As demonstrated by the workings of the political unconscious in Jean Toomer’s Cane and Ralph Ellison’s Invisible Man, investigation of authorial biography is an indispensable component of Marxist literary criticism. Symptomatic reading, while derogated by the advocates of “surface reading,” remains crucial to textual interpretation.
This article explores the social and political context embedded in Atlantic child slave biography, such as claims about family, parentage, and orphanhood in narratives of child enslavement. I examine the claims of orphanhood and the fictive kinship relations marshaled by James B. Covey, the interpreter during the trials of La Amistad, during his Atlantic passages as examples of the struggle against alienation to “remake” his political and social being. More than adult slaves, children deployed kinship language and idioms as part of a larger struggle to forge and preserve relationships with benefactors. Although kinship claims are an experience common across slave populations, a focus on the difficulties of writing a biography of child claims draws attention to the extreme vulnerability of child slaves and their pressing need for patron/client relationships.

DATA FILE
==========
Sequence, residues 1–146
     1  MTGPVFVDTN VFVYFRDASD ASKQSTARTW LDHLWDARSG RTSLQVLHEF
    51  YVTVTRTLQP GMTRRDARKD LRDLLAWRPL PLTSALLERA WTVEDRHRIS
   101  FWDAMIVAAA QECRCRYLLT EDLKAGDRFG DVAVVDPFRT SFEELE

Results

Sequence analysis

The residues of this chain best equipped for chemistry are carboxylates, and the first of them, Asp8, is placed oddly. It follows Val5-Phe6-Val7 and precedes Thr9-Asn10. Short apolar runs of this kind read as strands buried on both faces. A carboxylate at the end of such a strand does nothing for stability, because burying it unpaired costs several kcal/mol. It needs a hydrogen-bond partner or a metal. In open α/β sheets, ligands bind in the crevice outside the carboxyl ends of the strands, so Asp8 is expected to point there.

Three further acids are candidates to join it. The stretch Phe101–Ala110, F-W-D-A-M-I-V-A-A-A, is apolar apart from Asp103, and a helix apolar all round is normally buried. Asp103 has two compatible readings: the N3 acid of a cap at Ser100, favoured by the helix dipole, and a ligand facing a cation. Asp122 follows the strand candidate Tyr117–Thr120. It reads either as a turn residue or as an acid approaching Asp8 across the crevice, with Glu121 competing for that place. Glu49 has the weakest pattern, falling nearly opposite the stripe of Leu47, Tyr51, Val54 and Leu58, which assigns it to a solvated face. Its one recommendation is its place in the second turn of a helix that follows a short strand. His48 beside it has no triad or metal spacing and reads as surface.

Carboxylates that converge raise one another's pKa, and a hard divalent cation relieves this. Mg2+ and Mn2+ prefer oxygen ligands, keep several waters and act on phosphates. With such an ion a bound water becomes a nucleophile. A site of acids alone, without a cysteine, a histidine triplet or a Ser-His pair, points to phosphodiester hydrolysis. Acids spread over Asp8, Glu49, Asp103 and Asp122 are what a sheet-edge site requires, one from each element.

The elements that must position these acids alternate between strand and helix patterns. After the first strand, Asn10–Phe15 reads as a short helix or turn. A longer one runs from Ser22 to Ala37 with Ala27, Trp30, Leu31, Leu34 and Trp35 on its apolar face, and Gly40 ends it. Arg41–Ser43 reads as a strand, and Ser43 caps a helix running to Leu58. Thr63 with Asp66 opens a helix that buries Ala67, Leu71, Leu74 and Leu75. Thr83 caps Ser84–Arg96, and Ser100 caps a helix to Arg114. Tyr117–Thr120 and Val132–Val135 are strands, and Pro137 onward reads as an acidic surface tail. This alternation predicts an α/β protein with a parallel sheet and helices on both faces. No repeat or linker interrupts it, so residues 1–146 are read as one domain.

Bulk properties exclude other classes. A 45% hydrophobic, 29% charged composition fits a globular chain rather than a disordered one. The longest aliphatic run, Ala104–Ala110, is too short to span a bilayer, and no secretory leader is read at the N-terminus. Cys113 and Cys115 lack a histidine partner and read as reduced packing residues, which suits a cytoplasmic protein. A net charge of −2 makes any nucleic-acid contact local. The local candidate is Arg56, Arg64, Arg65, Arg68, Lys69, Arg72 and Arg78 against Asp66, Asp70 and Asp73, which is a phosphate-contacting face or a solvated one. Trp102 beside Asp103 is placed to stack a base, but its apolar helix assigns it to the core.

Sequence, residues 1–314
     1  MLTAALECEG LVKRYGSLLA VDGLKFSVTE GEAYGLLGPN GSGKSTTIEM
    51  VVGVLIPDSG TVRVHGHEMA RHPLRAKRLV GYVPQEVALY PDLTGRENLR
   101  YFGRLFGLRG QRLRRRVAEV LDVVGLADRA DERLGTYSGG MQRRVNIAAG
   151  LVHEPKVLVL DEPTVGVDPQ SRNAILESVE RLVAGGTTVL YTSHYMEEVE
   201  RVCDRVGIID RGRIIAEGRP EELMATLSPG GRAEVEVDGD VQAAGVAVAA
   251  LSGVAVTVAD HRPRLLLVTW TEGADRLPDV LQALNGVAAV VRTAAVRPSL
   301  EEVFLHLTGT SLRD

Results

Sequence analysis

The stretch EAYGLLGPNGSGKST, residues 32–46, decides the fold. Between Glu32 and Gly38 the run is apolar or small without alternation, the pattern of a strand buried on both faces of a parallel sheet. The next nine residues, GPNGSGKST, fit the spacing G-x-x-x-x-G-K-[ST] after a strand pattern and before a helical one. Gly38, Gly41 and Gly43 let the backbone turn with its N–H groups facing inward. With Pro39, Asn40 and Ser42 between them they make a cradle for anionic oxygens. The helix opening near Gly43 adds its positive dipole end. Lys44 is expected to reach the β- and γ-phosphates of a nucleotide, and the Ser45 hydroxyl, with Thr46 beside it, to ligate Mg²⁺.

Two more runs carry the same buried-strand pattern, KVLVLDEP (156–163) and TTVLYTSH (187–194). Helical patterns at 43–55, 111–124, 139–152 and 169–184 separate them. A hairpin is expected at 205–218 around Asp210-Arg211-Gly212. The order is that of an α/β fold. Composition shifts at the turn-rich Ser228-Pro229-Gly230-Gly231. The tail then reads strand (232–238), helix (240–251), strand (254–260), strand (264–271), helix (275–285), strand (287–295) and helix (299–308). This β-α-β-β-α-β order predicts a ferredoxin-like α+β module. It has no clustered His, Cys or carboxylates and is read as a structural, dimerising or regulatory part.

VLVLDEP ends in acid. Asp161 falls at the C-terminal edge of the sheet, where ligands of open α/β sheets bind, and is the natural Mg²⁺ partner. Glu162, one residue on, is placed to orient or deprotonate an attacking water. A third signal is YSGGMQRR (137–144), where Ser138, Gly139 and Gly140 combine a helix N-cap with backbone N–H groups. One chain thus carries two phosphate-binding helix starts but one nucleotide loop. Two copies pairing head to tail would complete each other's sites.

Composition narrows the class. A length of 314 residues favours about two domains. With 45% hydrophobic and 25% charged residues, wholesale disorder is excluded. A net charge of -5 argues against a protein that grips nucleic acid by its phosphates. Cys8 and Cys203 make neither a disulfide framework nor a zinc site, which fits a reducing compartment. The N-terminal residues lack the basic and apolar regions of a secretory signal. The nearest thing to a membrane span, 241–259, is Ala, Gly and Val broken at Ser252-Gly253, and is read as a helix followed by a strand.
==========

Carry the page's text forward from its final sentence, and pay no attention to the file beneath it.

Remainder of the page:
Annual Bibliography of Works about Life Writing, 2012–2013
Phyllis E. Wachter, Aiko Yamashiro, 704
Autobiographical Comics: Life Writing in Pictures by Elisabeth El Refaie
Ji-Hyae Park, 862
Excerpts from Recent Reviews of Biographies, Autobiographies, and Other Works of Interest, 866